Thursday, August 08, 2013
Tarzan 101 | Tarzan of the Films: Miscellaneous
Celebrating Tarzan's 101st anniversary by walking through Scott Tracy Griffin's Tarzan: The Centennial Celebration.
Griffin actually calls this chapter, "Contemporary Films," but since the first film discussed was contemporary with the start of Sy Weintraub's era, I feel like "Miscellaneous" is a better description.
Tarzan the Ape Man (1959)
As the official Tarzan films were transitioning from Sol Lesser to Weintraub, MGM realized that there was a clause in their original contract that allowed them to remake 1932's Tarzan the Ape Man. So they did, casting Denny Miller as a wholesome, blonde Tarzan and Joanna Barnes as Jane.
Tarzan, the Ape Man (1981)
MGM remade Tarzan the Ape Man again in 1981, this time with Bo Derek (who'd become a pop icon the previous year in 10) and her husband John. Thanks to the success of 10, MGM had signed the Dereks to a three-picture contract with Tarzan being the first of them. True to the plot of the '32 film, the movie's told from Jane's perspective, but Miles O'Keeffe's Tarzan is even less verbal than Weissmuller's. Knowing what the attraction was for Bo Derek fans, the film focuses on the steamy romance between Jane and the silent Tarzan.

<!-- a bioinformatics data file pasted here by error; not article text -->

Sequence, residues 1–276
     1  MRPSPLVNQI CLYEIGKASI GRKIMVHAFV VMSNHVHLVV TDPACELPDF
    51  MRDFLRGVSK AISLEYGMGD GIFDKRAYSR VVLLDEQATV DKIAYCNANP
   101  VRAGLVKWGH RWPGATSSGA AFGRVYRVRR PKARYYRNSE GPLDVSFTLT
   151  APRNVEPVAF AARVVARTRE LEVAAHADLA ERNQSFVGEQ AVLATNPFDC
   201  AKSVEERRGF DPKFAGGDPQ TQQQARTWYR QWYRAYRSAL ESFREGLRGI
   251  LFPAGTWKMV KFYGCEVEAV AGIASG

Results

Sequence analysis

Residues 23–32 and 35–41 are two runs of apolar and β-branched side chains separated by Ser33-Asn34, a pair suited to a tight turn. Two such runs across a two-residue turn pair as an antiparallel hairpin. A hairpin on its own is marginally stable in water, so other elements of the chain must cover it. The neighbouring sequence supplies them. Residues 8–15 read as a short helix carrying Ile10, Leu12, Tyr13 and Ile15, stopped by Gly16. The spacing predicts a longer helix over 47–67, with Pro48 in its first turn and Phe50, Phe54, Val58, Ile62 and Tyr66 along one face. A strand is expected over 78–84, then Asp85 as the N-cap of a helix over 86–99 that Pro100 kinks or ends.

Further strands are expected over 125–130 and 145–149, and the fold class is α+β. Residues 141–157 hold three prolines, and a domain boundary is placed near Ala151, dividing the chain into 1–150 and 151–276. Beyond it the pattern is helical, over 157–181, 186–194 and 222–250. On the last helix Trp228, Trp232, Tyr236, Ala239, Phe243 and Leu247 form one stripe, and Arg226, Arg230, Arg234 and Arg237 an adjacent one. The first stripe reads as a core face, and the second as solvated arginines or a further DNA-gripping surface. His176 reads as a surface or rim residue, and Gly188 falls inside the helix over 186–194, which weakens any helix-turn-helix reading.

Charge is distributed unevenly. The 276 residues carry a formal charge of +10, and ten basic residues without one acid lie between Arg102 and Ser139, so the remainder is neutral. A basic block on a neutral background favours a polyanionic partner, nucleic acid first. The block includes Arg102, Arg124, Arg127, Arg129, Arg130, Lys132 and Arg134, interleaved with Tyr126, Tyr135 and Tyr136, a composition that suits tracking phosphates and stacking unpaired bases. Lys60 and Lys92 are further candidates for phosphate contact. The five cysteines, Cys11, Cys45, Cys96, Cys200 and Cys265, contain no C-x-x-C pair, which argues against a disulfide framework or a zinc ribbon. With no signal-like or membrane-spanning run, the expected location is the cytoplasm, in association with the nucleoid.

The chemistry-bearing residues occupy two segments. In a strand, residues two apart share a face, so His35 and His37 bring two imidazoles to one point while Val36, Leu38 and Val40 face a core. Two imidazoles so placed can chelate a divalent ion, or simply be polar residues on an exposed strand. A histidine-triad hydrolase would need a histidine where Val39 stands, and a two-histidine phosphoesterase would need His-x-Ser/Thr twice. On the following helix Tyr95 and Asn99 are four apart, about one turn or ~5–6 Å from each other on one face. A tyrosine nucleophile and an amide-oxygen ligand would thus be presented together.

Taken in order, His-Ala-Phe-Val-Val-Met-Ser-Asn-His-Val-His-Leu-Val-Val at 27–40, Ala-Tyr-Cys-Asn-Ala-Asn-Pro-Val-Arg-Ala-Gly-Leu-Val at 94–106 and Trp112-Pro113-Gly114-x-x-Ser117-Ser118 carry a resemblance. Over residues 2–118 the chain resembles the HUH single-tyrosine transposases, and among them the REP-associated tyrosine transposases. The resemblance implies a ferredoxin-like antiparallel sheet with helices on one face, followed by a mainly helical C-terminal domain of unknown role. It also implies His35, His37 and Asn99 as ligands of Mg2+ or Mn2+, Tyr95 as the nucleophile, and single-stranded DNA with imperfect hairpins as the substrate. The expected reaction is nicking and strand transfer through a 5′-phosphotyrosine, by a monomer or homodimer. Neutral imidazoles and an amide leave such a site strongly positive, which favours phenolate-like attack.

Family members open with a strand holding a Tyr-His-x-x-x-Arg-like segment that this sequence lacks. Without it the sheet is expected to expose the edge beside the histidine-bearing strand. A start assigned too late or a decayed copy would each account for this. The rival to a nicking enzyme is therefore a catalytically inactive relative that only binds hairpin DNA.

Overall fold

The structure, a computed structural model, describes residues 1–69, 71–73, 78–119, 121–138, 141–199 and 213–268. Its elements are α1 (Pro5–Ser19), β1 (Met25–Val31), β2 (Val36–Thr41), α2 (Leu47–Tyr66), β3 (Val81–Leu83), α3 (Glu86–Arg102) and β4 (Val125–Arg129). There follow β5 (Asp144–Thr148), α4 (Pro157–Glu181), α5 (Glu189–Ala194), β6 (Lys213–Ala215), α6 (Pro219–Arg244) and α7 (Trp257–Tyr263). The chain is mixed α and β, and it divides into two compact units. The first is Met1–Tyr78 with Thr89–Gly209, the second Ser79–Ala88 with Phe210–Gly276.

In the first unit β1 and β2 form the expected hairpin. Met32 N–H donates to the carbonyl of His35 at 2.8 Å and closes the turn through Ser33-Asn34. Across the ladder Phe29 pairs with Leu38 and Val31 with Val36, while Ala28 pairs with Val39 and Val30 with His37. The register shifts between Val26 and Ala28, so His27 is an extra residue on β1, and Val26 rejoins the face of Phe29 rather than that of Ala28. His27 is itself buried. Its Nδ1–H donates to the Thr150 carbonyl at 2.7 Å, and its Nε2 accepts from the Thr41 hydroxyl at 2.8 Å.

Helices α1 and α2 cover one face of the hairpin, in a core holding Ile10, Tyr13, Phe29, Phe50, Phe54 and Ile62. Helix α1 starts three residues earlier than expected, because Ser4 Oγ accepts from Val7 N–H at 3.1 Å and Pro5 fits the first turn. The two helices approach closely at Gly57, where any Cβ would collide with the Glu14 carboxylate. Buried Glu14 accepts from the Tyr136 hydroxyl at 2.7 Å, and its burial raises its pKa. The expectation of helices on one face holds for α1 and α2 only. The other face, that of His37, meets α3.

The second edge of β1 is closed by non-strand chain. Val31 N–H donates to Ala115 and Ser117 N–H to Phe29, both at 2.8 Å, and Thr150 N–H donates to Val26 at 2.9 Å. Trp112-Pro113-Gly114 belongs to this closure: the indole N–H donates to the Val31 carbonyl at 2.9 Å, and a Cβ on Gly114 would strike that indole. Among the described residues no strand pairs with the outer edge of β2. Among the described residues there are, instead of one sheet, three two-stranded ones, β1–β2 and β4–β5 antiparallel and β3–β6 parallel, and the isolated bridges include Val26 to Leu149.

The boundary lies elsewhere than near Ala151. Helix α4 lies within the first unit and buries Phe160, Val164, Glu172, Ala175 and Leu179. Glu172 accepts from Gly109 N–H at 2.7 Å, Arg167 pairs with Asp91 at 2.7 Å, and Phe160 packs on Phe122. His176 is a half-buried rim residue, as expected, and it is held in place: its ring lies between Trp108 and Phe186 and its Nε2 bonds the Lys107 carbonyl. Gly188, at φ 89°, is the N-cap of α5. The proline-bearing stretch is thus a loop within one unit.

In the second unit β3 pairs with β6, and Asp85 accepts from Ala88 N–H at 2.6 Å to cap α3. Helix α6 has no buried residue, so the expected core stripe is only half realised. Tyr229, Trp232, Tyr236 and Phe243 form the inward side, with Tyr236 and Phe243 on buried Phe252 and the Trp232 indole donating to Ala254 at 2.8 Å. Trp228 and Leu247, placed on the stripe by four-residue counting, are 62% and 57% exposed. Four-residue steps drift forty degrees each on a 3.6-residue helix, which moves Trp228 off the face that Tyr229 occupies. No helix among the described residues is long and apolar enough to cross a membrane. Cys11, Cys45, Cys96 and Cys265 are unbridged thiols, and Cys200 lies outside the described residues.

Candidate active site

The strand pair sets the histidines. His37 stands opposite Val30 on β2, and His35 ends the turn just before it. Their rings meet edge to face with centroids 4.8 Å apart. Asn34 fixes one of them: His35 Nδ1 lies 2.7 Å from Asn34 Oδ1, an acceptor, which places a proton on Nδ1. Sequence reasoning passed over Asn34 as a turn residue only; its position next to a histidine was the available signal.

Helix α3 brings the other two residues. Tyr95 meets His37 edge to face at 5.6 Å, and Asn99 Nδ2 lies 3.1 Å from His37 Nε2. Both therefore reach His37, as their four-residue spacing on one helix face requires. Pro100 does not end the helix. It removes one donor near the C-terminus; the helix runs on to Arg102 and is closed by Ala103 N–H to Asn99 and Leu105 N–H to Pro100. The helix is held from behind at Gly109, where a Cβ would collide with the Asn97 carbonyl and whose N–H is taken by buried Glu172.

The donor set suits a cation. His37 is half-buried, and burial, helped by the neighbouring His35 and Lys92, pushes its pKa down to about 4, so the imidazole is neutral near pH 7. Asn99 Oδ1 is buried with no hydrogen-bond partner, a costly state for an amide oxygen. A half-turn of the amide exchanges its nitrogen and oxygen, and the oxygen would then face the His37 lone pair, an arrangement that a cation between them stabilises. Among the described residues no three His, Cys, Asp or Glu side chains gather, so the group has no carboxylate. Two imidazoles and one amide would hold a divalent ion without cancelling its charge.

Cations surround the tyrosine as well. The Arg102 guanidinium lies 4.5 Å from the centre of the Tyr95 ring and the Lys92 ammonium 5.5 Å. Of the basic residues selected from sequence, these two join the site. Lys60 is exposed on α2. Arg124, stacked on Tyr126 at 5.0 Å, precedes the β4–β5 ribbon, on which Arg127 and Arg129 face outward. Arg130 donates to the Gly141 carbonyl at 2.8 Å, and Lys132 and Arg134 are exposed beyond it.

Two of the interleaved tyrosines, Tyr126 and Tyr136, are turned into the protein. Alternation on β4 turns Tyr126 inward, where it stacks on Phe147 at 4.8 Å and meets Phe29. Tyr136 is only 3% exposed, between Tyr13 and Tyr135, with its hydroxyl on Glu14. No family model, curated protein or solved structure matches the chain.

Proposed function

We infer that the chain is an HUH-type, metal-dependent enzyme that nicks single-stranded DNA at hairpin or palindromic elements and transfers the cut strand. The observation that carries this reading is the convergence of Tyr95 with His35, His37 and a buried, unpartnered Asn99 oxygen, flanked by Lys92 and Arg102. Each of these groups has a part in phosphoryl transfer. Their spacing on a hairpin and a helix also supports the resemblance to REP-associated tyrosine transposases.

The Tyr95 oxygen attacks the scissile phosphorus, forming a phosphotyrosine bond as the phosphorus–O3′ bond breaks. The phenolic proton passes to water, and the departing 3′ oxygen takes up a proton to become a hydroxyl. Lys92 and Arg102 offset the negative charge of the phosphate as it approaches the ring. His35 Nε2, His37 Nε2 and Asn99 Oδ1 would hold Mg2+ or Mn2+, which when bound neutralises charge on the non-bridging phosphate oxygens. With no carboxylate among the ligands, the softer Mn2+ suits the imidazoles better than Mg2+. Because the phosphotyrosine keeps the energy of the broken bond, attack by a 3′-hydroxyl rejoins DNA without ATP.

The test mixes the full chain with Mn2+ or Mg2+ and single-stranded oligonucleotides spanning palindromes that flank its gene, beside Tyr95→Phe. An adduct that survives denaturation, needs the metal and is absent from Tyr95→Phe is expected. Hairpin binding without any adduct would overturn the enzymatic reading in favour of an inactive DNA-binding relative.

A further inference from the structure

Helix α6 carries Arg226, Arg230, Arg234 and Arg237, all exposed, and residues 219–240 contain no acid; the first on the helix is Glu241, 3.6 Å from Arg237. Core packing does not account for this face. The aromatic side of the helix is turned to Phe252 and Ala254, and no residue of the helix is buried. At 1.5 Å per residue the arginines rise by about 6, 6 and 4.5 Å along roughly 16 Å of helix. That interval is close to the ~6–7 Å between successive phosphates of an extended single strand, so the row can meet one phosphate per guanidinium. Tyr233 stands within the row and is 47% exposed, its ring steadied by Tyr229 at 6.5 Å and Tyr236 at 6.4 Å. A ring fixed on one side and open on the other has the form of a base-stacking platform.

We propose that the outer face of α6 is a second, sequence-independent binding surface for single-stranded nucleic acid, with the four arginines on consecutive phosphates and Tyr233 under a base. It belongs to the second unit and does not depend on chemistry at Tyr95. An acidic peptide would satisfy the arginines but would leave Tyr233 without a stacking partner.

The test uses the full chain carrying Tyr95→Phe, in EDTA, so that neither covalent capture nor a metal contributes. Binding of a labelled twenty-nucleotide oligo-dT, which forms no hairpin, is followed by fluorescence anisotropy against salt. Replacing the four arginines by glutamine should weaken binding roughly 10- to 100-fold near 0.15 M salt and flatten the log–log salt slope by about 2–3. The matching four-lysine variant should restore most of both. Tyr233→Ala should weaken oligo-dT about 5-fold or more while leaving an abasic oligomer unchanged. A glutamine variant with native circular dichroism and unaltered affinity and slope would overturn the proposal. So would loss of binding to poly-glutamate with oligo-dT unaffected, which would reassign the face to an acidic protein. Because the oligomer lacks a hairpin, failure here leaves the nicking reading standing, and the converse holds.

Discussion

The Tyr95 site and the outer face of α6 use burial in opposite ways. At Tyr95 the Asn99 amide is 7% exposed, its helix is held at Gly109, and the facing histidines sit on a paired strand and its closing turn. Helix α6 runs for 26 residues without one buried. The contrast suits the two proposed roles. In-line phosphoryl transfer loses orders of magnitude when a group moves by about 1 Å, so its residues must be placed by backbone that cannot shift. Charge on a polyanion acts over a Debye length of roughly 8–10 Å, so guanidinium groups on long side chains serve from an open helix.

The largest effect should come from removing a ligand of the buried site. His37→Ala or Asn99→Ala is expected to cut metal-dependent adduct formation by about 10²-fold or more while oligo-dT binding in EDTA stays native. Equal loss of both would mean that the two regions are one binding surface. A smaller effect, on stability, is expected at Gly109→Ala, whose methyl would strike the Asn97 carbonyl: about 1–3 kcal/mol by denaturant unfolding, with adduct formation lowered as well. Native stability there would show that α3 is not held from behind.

Greystoke: The Legend of Tarzan, Lord of the Apes (1983)
Though Greystoke was released two years after the Dereks' movie, it had been in the works since 1971, a few years after Weintraub's last Tarzan film. Producer Stanley S. Canter picked up the option, but had a hard time getting the film made. The original version of the screenplay was an extremely faithful adaptation of the first Tarzan novel, but it was rewritten to keep elements of Burroughs' story, but ultimately go its own way.
Christopher Lambert played Tarzan, though he's never called that in the movie (he's John Clayton instead). Andie MacDowell played Jane, but famously had her lines dubbed by Glenn Close. Ian Holm plays D'Arnot, which makes me want to watch it again right now. Rick Baker created the ape costumes.
Tarzan and the Lost City (1998)
It's impossible to tell from watching it that Lost City is a sequel to Greystoke, but that's how it was born. Canter immediately started planning it after the success of Greystoke, wanting this time to combine elements from Burroughs' novels, The Return of Tarzan and Tarzan the Untamed, where Tarzan tracks a kidnapped Jane through the war-torn jungle.
Like with Greystoke though, it took over a decade to get it off the ground and neither Christopher Lambert nor director Hugh Hudson cared to be involved. Eventually, Canter signed on Carl Schenkel to direct and Casper Van Dien played Tarzan. Jane March played Jane and - true to the original intention for the plot - got abducted so that Tarzan could pursue her.
This was the first - and so far, only - Tarzan film shot entirely on location in Africa (South Africa, to be precise).
Just kidding. For some reason, Griffin gives a whole, separate chapter to Disney's adaptation, so we'll look at that next week.